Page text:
Another pipeline ensnared

Author Tom Fowler

What’s the biggest news in US energy infrastructure these days? Ask a 2nd grader.

What’s the biggest news in US energy infrastructure these days? Ask a 2nd grader.

As I sat with my 7-year-old in the elementary school cafeteria one morning this week, one of her friends ran up with some shocking news: ‘bad guys’ are trying to build a pipeline that will leak chemicals into a river that Native Americans own! And with that, the Dakota Access pipeline construction project joins a growing list of mainstream energy boogeymen.

Inaccuracies aside, it’s not a complete surprise that a kid in Houston, North America’s energy capital, would have some idea about a crude pipeline project — Energy Transfer is Houston-based although the pipeline is under construction 1,000 miles north, in North Dakota, South Dakota, Iowa and Illinois. But it shows just how quickly a project that largely seemed like a done deal with just about all its permits in hand – even more so that the late Keystone XL project – can go from back of the Business section to Page 1 almost overnight.

Just a few years ago most Americans were largely unaware of the role pipelines play in their daily lives and their ubiquity. The Deepwater Horizon disaster, married with the spread of social media, helped set the stage for wider oil industry awareness. But it wasn’t until environmental groups realized faltering efforts to stop oil sands production in remote Alberta could be more effective by focusing on the planned conduit for new production – TransCanada’s KeystoneXL pipeline – that that field of battle changed.

Since Keystone XL garnered attention there have been plenty of visuals to help pipeline opponents make their case – such as ExxonMobil’s Pegasus pipeline spilling — literally — into suburban backyards in Arkansas in March 2013. But Dakota Access, or DAPL as the industry calls it, is starting to provide some visuals of its own.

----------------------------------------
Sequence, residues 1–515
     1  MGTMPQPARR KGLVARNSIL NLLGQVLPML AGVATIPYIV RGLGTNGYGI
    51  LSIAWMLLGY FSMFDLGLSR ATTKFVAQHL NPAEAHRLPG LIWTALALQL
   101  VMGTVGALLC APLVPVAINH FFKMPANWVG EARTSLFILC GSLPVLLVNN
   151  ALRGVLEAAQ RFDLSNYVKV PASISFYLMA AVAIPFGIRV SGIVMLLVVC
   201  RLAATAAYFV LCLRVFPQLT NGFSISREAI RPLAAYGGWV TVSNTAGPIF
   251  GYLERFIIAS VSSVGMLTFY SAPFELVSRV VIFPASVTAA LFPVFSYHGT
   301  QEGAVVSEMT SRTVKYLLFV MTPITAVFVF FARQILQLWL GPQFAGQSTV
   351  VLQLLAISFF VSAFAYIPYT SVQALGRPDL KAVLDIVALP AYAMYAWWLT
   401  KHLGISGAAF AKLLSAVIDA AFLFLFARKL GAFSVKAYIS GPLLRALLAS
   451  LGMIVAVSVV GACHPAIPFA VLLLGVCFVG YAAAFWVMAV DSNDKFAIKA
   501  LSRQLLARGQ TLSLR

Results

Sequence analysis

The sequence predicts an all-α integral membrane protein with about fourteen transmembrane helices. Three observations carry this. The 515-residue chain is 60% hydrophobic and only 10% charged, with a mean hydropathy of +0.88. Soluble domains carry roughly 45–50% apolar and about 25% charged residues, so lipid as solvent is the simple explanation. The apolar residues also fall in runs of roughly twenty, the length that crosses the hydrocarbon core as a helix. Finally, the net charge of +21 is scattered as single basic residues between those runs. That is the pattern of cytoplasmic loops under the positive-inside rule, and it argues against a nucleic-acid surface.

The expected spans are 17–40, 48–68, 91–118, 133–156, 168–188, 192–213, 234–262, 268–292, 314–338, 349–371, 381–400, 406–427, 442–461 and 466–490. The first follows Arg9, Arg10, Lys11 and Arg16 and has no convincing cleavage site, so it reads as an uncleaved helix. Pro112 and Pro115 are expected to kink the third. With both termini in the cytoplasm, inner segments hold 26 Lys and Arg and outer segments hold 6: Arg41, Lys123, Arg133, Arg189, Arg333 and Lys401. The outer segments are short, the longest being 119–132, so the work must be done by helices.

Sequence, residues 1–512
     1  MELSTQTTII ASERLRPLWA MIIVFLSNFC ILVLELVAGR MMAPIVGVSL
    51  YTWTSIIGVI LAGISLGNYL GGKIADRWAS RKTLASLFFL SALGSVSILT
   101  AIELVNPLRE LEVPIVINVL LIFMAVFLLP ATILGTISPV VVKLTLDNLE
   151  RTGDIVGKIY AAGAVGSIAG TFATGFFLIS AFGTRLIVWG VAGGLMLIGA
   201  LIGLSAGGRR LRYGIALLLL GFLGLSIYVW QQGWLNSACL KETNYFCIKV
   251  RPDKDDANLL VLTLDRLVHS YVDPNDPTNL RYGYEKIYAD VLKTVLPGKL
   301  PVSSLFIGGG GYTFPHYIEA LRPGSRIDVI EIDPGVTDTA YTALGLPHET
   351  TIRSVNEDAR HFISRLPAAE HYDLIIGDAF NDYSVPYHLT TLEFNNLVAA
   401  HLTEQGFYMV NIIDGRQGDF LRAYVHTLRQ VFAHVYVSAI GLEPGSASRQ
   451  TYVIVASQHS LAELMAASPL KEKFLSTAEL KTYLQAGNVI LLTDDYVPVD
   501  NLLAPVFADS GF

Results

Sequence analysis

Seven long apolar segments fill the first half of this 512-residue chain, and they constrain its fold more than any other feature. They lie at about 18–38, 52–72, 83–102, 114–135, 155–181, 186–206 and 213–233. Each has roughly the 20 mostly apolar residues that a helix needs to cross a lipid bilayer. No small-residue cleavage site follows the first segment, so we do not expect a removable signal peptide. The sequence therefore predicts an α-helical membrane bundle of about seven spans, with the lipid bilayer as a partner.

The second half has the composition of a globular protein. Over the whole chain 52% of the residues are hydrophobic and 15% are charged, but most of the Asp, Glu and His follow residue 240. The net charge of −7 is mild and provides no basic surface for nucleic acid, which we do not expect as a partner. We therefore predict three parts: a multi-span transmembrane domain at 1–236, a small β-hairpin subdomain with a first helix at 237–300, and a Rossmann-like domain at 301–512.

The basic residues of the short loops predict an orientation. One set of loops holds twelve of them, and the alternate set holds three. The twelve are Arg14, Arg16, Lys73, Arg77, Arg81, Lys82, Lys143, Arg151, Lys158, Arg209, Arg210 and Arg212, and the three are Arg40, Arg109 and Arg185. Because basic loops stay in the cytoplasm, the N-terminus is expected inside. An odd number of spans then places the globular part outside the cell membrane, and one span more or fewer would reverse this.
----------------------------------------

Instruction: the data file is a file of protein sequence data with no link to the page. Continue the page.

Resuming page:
Last week protestors entered a construction site near Mandan, North Dakota, and scuffled with security personnel, according to the Morton county sheriff’s department. Video of the event was streamed online. Later, Green party presidential candidate Jill Stein spray-painted a bulldozer that had already be tagged by other protestors while cameras looked on. The sheriff’s department says it has issued a warrant for her arrest for criminal trespass and criminal mischief, both misdemeanors.

The spotlight on DAPL is only expected to get brighter. Today a federal judge in the District of Columbia may rule on efforts to stop the construction. At the same time, North Dakota governor Jack Dalrymple has ordered “small numbers” of National Guard troops to back up law enforcement at the site of expected protests near Mandan.

The cameras will be watching and I can’t wait to see what my elementary school analyst will report next week.

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